TODAY | April 24, 2013
>>> now to our class of 2020 , where we're following a group of students from the first day of their kindergarten class to their high school graduation. natalie's been doing this, and they're in fifth grade.
>> now going to sixth grade. and they had a great opportunity to spend some of their spring break on a field trip in the nation's capital, traveling for the first time without their parents, to learn about america's past and learn a little history along the way.
>> it's like a holy place . you know, you want to have a lot of respect.
>> reporter: the vietnam war memorial might seem an unlikely place to spend your spring break . but for caroline, jordan, and zenzalai, it's just the beginning of a program called people-to-people. dwight d. eisenhower launched the program from 1956 to bring people together to promote peace.
>> near washington , d.c., their main goals are to learn about civics, american history with a backdrop of leadership.
>> reporter: the days are jam-packed with lessons on leaders like thomas jefferson --
>> e equals mc squared .
>> reporter: and albert einstein . one minute the kids are on a fact-finding mission at the museum of american history --
>> it's like a scavenger hunt .
>> reporter: next, they're talking to a former congressman.
>> what is the most fascinating issue you have dealt with since you have on the hill.
>> reporter: and sometimes they get to witness history in the making .
>> this is the supreme court here.
>> for zenzalai, the lincoln memorial is highlight of her trip.
>> it was martin luther king 's i have a dream speech.
>> reporter: long before mr. king made history there, another african-american was breaking history at the lincoln memorial . in 1939 , marian anderson , one of the most celebrated singers of her time, was denied permission to perform at a government ceremony in washington because of the color of her skin. when first lady eleanor roosevelt found out about the snub, she personally invited anderson to perform at an easter concert at the lincoln memorial .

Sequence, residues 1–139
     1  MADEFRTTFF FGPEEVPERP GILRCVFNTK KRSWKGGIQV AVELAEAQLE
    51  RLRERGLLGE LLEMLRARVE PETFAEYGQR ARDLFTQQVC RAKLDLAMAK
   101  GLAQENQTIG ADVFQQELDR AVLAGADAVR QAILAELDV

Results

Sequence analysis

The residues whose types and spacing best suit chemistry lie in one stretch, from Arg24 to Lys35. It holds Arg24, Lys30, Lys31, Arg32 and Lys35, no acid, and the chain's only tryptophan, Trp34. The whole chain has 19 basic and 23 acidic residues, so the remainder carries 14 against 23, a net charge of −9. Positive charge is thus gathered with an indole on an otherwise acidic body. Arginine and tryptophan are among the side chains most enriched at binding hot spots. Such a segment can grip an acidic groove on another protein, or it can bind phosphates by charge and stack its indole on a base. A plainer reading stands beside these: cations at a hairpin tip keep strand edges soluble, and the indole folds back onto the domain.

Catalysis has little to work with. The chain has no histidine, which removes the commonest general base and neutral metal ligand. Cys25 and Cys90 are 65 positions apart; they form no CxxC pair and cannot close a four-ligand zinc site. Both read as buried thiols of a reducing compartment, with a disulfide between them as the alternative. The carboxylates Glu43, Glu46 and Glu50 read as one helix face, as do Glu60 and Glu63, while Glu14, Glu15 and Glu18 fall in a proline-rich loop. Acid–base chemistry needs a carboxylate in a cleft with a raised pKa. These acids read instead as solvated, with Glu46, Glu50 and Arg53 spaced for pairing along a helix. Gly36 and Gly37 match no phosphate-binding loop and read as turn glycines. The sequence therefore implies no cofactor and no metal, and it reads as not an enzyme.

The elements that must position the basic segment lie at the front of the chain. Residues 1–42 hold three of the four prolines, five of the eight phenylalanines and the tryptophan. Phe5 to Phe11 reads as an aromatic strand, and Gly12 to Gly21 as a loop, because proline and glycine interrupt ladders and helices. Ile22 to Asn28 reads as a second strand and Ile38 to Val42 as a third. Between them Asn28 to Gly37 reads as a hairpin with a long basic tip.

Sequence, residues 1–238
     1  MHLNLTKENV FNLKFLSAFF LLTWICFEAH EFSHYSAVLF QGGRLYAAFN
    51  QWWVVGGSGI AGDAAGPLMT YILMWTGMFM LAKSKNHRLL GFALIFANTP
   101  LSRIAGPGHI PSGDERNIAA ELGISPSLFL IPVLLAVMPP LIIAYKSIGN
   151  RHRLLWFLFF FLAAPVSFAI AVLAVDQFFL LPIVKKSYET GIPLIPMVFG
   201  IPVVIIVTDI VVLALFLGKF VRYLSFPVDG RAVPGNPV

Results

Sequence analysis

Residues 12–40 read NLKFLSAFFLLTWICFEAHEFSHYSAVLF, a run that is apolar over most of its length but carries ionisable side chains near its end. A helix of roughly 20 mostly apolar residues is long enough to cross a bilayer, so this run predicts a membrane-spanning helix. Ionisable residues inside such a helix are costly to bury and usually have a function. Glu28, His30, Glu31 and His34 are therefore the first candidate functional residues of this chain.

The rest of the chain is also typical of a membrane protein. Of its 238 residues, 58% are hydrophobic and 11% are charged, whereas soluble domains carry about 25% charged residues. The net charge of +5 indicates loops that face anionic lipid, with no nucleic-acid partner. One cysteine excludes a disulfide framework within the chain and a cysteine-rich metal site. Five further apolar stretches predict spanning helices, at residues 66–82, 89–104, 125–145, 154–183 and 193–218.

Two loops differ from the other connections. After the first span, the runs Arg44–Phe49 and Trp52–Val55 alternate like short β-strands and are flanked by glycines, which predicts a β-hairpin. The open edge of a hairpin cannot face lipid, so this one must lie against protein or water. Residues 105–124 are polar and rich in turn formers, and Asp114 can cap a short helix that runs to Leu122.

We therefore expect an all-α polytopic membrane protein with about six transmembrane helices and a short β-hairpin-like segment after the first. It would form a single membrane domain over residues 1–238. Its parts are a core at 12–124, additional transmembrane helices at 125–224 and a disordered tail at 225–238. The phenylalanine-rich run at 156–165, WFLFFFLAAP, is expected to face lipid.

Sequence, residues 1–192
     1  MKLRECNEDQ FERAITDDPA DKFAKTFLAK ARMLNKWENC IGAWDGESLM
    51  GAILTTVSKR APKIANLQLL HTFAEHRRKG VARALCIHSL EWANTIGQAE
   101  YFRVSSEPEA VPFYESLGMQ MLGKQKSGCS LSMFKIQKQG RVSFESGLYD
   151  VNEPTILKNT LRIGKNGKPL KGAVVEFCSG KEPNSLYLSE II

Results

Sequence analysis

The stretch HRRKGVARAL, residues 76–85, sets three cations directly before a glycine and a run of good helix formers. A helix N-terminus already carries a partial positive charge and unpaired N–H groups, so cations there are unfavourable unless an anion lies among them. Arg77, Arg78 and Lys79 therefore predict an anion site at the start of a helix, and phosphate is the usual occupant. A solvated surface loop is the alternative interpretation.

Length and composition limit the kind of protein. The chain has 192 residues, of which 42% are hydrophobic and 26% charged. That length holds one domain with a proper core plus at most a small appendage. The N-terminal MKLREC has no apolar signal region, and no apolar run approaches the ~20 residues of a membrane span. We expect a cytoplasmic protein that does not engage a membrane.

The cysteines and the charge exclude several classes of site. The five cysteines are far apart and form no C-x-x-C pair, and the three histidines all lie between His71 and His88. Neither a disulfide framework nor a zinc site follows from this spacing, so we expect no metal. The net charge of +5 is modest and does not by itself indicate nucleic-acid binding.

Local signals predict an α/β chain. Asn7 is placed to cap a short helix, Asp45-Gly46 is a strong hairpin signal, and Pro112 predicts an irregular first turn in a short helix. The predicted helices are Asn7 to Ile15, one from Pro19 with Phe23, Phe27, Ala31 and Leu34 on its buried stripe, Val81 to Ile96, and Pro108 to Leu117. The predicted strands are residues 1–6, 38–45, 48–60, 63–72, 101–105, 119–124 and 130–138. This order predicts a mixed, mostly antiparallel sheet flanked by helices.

>> reporter: anderson sang before a crowd of 75,000 people. 24 years later, dr. king chose that exact spot for his famous speech.
>> so when you're looking at that spot, where it says, i have a dream, manage how much history is there.
>> reporter: it is at this moment that history comes alive for zenzalai.
>> where is it? where is it? and she fights through the crowds to find the spot.
>> she sang right where martin luther king had his "i have a dream" speech.
>> reporter: zenzalai's parents stretched their budget to pay for her trip, but they believe the experience was priceless.
>> i'm glad that she was able the to hear that story, i'm glad that she was able to even be at the mall where dr. martin luther king gave that speech. i don't think she really feels any kind of limitations. i think she really feels like whatever she desires in life, she deserves and can have.
>> and it goes without saying that history continues to be made at that very spot in front of the lincoln memorial , because of the connection to marian anderson and martin luther king . beyonce actually requested to stand at that same spot when she sang at president obama 's inauguration festivities back in 2009 .
>> you're reminded, just within a few city blocks, how much history you can see, even if you have one day.
>> and you really don't have -- i mean, there's so much to do in one day. you could pack so much in. give it more time.
>> we want to tell you as well about a contest. if you think your child would enjoy a field trip to washington , d.c. to see some of those sights we just showed you there, the people-to-people organization is offering a chance for two students to take the very same trip this summer. you can logon to today.com, look for the class of 2020 page, and you'll find the link to the people-to-people independence day scholarship contest. it's open to any student current in fifth grade through ninth grade. the winners will receive an all-expenses-paid trip to the nation's capital.
>> a great opportunity.
>> something we take for granted and a lot of people don't get there.